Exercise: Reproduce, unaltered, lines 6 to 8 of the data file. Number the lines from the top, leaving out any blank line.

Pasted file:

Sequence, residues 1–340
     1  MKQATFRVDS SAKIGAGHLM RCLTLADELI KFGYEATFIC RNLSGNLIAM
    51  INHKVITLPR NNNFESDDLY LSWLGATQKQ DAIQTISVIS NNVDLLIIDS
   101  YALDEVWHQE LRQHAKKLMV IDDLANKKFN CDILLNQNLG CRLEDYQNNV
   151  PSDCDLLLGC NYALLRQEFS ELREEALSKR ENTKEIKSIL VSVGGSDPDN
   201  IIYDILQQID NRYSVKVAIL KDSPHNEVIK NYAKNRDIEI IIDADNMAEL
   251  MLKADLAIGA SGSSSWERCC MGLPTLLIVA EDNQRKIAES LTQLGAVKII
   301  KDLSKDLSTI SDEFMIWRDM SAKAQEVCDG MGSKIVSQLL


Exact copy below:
   201  IIYDILQQID NRYSVKVAIL KDSPHNEVIK NYAKNRDIEI IIDADNMAEL
   251  MLKADLAIGA SGSSSWERCC MGLPTLLIVA EDNQRKIAES LTQLGAVKII
   301  KDLSKDLSTI SDEFMIWRDM SAKAQEVCDG MGSKIVSQLL